1
WindStar Wildlife Institute
Providing nesting areas for wildlife is a popular
and growing hobby for many Americans. Building
houses according to the proper specifications,
placing them in the right habitat, and maintaining
them can benefit both bird and mammal
populations. However, if they are not monitored for
detrimental species such as the house sparrow,
they may actually do more harm than good.
Building Nesting
Boxes & Platforms
I
t is important to realize that not
all birds and mammals nest in
cavities. Many birds, like the
American robin or meadowlark,
either build cup-shaped nests in
trees or nest on the ground. The
nest box plans that are found in
this publication are specific to
wildlife that utilize a cavity, either
within a dead or dying tree or a
man-made structure such as a
nest box.
Cavity nesting birds will accept
any kind of nest box that they can
enter. Before deciding on what kind
of nest box to build, there are
considerations which should be
taken - the size of the entrance
hole, interior dimensions, proper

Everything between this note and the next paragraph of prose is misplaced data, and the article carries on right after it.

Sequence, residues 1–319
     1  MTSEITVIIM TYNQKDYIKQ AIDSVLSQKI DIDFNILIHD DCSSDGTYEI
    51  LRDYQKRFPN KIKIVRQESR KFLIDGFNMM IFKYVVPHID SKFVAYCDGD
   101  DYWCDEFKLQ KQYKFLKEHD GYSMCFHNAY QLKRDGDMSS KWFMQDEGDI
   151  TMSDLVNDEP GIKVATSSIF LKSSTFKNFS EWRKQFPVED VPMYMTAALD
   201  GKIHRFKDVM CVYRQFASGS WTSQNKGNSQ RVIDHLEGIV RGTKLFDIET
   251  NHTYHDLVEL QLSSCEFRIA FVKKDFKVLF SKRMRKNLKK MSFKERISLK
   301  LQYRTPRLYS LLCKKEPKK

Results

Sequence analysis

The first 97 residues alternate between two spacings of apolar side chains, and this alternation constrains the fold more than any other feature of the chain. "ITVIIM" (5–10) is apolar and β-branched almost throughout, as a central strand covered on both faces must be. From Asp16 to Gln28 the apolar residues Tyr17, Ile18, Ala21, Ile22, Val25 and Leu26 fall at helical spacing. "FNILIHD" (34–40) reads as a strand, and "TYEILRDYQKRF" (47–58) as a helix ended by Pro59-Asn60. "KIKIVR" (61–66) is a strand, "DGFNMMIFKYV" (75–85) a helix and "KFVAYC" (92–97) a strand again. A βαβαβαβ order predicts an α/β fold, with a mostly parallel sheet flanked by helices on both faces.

ventilation, and the capability to
open the nest box for monitoring
and cleaning. Do not construct a
box for "birds" in general as most
species require different sized
houses and entrance holes. The
following guidance and construction
plans will provide specific plans for
most common species.
For all practical purposes, wood
is the only appropriate building
material to use. Wood is a natural
material with good insulating
properties. Plastic and metal often
overheat. Green "pressure-treated"
lumber is impregnated with copper
arsenate as a preservative. If the
chemical is not applied perfectly,
the wood is toxic to birds and
humans. Exterior grade plywood
contains dangerously high levels of
formaldehyde and therefore is also
not the best choice. The best
woods to use are rough cut cedar
or redwood. They naturally resist
deterioration when exposed to sun
and rain and the weathered look is
inconspicuous and attractive.
Never paint or stain the inside of
a nest box. If you want to paint the
exterior, close up the box and paint
only what you can see. Use an
exterior grade latex paint and give
the top a second coat. Choose a
light shade which reflects most
heat or a natural color such as
green, tan, or gray. A heavy grade
of linseed oil stain works well also.
Houses that blend in with their

Building Nest Boxes:

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